A London restaurant has added grey squirrel lasagne to its menu as a more sustainable choice of meat for diners looking to minimise their carbon footprint.
Chef Ivan Tisdall-Downes, of Native in Borough Market, makes his squirrel ragu by slow cooking the meat from the mammal’s hind legs, which are said to be similar in taste to rabbit.
He then uses sheets of celeriac instead of pasta to make his open grey squirrel lasagne, and also uses the squirrel offal to make Native’s game parfait, according to Big Hospitality.
The meat is sourced from the same supplier of his wild boar, which is involved in the culling of grey squirrels in the UK, according to the Sunday Telegraph.
He said: “Squirrel is one of the most sustainable proteins you can cook really. It is almost exactly the same in taste as rabbit. It’s tasty, it’s not as gamey as rabbit, it’s nice white meat. It’s good to cook down slowly and make stews from and ragus for lasagne. It’s very good for you, it’s quite lean.”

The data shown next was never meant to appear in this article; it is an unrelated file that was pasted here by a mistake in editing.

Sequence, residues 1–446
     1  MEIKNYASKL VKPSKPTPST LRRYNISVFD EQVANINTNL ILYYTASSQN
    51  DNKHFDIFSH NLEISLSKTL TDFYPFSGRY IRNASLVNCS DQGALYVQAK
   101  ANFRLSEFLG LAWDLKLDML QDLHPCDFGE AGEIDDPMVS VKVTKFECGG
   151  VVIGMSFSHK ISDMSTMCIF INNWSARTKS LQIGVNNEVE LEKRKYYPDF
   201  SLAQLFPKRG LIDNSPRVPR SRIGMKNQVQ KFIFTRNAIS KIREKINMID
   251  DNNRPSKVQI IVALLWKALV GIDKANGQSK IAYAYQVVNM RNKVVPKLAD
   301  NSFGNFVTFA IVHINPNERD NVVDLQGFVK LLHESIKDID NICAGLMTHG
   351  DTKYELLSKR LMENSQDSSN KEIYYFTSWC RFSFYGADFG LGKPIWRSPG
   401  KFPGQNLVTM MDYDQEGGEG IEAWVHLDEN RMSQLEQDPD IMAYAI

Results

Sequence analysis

As a plentiful source of meat that doesn’t require intensive agriculture, the former River Cottage chef also says that eating wild squirrel meat is less damaging to the environment.
Grey squirrels were introduced from America in the 1870s, and are classed as an invasive species given that they have all but driven out the UK’s endangered native red squirrel.
Since the introduction of grey squirrels, the UK population of reds has dropped from around 3.5 million to between 120,000 to 160,000 individuals (according to different estimates). The population in England is thought to be as low as 15,000, which a large proportion of that found in Scotland, and on the protected Brownsea Island, off the south coast of Dorset.
The chef added: “I think sustainable eating is becoming more popular now. More and more people are more conscious of their carbon footprint and the damaging additives that get put in their food.”